word origins – Barbarian
The notion that Barbarians were named from their beards or lack of razors has been discounted.
Barbarian came to us from Greek bárbaros “the sound foreigners make”. Funny how now we say “It’s Greek to me” to mean something similar!
The Greeks that came into contact with other people that spoke different languages always thought they sounded like they were saying “barbar”. Yep, instead of rhubarb.
word origins – Pumpernickel.
There is legend that the term was coined by Napoleon when he recived a pumpernickel and replied that it’s only good enough to feed it to his horse “Nickel” by saying “bon pour Nickel”.
It turns out the true origin of pumpernickel is even more colorful than the story of Napoleon’s horse. Pumpern is a German verb meaning “to fart,” and Nickel, like Old Nick in English, was a name for the devil, so it actually breaks down as “farting devil.
Thomas Lediard describes the bread in The German Spy :
Upon Enquiry, I found it was made of Rye, coarsely ground, with all the Bran left in it, and that there had not been the greatest Care taken, to sever it from the Pieces of Straw, Hair, and other Nastiness, which had been swept with the Corn from the threshing Floor.
An earlier German name for it was krankbrot, literally “sick-bread.”
word origins – Nightmare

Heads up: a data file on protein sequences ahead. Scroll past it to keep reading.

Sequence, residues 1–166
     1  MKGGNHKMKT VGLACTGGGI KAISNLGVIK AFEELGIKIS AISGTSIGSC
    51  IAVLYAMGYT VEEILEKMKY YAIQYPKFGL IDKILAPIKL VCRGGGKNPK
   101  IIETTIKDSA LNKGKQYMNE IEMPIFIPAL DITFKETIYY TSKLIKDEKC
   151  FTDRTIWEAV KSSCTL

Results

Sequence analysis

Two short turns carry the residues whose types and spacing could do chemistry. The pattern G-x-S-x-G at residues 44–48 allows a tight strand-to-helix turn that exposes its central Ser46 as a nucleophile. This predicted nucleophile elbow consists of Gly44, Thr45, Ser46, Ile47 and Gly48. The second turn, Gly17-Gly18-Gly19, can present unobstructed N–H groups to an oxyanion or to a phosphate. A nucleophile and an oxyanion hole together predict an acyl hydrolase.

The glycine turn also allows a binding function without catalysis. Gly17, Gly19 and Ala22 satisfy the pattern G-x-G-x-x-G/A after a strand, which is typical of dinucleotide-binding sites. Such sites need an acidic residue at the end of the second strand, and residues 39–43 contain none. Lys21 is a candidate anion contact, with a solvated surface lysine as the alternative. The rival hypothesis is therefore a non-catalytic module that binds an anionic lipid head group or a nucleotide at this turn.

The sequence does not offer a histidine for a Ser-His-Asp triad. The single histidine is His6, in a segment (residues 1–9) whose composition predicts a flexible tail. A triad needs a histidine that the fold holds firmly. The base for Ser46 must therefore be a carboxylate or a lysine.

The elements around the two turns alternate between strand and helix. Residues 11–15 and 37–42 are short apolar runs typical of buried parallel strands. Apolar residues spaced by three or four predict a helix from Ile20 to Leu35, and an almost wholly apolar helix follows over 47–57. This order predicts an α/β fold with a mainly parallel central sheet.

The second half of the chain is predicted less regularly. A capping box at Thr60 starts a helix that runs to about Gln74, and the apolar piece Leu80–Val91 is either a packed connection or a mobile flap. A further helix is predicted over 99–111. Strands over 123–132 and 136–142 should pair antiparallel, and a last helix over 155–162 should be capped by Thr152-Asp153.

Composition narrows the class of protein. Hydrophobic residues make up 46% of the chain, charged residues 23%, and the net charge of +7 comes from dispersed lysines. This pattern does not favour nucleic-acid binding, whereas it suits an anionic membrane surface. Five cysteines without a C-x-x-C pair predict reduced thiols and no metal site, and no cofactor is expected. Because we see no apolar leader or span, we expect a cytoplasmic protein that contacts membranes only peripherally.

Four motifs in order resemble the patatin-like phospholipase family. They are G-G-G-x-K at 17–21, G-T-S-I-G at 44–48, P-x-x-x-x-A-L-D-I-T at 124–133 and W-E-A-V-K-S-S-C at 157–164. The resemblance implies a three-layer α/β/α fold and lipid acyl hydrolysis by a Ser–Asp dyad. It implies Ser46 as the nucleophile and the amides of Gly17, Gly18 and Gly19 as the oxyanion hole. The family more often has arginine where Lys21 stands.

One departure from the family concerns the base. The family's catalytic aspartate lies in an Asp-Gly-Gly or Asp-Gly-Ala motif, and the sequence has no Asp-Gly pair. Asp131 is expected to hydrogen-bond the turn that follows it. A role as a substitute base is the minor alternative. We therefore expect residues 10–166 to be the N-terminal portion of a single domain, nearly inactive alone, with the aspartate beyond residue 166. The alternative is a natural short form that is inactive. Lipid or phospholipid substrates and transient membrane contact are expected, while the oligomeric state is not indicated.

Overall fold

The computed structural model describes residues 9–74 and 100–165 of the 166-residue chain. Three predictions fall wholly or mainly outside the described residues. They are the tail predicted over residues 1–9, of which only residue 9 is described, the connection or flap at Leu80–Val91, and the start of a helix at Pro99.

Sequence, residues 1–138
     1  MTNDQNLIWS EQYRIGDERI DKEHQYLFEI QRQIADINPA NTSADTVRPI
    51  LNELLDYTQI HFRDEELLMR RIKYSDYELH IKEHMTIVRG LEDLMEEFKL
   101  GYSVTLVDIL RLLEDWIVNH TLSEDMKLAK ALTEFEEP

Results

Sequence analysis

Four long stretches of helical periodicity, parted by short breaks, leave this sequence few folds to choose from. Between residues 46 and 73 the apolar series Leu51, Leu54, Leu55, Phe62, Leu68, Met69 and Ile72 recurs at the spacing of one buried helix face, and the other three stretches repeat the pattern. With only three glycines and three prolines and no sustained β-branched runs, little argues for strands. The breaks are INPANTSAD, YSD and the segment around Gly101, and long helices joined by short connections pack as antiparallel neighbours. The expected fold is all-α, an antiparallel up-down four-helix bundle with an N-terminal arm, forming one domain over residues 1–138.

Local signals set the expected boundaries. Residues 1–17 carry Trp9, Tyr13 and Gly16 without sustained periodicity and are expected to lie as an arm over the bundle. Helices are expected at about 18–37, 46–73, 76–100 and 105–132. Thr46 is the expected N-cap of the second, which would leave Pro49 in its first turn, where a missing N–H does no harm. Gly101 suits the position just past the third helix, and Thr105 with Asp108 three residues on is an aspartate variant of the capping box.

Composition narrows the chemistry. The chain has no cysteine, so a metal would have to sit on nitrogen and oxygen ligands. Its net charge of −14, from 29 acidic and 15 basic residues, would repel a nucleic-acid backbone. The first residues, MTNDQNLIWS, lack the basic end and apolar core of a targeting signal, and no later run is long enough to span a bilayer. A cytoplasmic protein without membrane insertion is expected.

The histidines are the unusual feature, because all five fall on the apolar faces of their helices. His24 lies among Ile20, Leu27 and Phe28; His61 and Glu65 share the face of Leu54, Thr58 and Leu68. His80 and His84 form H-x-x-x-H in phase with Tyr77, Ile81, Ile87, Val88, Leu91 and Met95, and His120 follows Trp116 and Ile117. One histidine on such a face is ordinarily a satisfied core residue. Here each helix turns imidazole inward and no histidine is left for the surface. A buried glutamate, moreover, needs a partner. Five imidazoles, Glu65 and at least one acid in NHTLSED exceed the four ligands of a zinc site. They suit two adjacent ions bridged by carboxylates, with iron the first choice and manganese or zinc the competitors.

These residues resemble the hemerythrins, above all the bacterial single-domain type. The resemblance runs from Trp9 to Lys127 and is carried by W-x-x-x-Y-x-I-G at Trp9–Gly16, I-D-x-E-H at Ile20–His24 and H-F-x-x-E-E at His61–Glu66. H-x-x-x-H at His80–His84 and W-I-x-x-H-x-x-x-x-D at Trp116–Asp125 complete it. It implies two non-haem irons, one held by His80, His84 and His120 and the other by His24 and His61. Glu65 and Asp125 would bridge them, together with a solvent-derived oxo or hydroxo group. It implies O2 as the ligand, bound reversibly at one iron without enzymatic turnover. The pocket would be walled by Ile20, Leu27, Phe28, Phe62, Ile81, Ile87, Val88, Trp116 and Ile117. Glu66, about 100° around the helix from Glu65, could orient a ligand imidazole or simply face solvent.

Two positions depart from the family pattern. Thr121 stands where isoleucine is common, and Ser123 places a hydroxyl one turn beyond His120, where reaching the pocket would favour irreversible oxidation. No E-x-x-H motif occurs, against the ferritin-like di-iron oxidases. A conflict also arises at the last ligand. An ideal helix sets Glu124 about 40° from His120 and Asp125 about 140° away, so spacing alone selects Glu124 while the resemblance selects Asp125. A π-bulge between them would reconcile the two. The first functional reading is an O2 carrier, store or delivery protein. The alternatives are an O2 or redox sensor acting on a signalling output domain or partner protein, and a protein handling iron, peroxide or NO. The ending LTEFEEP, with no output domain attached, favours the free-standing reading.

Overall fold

The Oxford English Dictionary traces the first used of “nightmare” in English to around 1300, as “a female spirit or monster supposed to settle on and produce a feeling of suffocation in a sleeping person or animal.”
Since we experience most “nightmares” at night, and with the perception that death and other bogies haunt the darkness, “night” was naturally paired with “mare,” which traces in English to before the 12th century. A “nightmare” soon came to mean any bad dream, whether accompanied by that suffocating feeling or not.
word origins – Muscle
The word “muscle” is derived from the Latin word “musculus”, which translates to “little mouse”.
When physicians were first observing the musculature, it is said that they remarked that the muscles in the biceps and calves (most notably) looked like mice running under the skin.
Weirdly, in Middle English, lacerte, from the Latin word for “lizard,” was also used as a word for a muscle.